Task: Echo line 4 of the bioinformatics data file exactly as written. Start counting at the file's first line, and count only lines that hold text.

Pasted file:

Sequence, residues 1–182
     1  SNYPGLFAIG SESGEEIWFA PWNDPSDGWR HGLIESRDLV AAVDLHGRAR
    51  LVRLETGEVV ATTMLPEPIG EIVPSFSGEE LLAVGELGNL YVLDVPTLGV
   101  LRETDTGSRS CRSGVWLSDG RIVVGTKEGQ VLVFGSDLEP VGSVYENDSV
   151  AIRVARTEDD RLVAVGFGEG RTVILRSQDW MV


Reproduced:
   101  LRETDTGSRS CRSGVWLSDG RIVVGTKEGQ VLVFGSDLEP VGSVYENDSV